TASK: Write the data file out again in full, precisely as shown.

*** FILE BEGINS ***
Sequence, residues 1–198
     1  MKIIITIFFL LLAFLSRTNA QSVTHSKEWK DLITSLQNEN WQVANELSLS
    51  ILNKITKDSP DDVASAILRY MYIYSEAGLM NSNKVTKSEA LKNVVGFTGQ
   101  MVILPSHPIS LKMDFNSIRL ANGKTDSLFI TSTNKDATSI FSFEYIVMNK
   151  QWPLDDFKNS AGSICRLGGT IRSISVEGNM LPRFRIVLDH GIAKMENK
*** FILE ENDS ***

Sequence, residues 1–198
     1  MKIIITIFFL LLAFLSRTNA QSVTHSKEWK DLITSLQNEN WQVANELSLS
    51  ILNKITKDSP DDVASAILRY MYIYSEAGLM NSNKVTKSEA LKNVVGFTGQ
   101  MVILPSHPIS LKMDFNSIRL ANGKTDSLFI TSTNKDATSI FSFEYIVMNK
   151  QWPLDDFKNS AGSICRLGGT IRSISVEGNM LPRFRIVLDH GIAKMENK